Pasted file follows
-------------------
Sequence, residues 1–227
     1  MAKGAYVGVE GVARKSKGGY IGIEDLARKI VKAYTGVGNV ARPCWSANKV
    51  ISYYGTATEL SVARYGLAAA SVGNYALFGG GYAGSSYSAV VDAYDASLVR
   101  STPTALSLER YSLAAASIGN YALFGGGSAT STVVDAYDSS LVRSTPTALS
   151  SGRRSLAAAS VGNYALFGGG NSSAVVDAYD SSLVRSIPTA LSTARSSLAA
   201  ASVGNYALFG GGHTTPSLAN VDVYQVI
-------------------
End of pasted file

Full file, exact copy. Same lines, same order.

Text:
Sequence, residues 1–227
     1  MAKGAYVGVE GVARKSKGGY IGIEDLARKI VKAYTGVGNV ARPCWSANKV
    51  ISYYGTATEL SVARYGLAAA SVGNYALFGG GYAGSSYSAV VDAYDASLVR
   101  STPTALSLER YSLAAASIGN YALFGGGSAT STVVDAYDSS LVRSTPTALS
   151  SGRRSLAAAS VGNYALFGGG NSSAVVDAYD SSLVRSIPTA LSTARSSLAA
   201  ASVGNYALFG GGHTTPSLAN VDVYQVI